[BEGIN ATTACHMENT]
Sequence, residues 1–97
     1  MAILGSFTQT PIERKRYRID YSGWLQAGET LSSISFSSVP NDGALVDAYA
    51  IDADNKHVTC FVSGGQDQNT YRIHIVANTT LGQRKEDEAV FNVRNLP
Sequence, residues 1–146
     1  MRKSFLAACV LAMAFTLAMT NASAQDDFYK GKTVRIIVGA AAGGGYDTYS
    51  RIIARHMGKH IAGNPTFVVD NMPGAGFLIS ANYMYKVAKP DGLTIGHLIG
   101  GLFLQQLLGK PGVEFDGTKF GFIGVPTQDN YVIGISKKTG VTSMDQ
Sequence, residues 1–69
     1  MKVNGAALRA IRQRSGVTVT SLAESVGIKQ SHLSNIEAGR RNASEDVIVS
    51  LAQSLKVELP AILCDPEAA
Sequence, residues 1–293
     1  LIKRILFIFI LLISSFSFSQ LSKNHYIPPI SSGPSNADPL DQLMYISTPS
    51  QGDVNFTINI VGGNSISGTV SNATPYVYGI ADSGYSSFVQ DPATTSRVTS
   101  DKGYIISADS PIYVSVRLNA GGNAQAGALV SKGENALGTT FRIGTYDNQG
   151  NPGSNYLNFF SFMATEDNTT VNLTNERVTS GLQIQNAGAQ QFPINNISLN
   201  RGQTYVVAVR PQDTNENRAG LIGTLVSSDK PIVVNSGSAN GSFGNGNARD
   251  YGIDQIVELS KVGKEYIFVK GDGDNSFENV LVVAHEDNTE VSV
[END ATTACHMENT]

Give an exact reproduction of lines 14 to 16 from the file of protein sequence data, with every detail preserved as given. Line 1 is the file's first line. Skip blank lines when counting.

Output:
   101  DKGYIISADS PIYVSVRLNA GGNAQAGALV SKGENALGTT FRIGTYDNQG
   151  NPGSNYLNFF SFMATEDNTT VNLTNERVTS GLQIQNAGAQ QFPINNISLN
   201  RGQTYVVAVR PQDTNENRAG LIGTLVSSDK PIVVNSGSAN GSFGNGNARD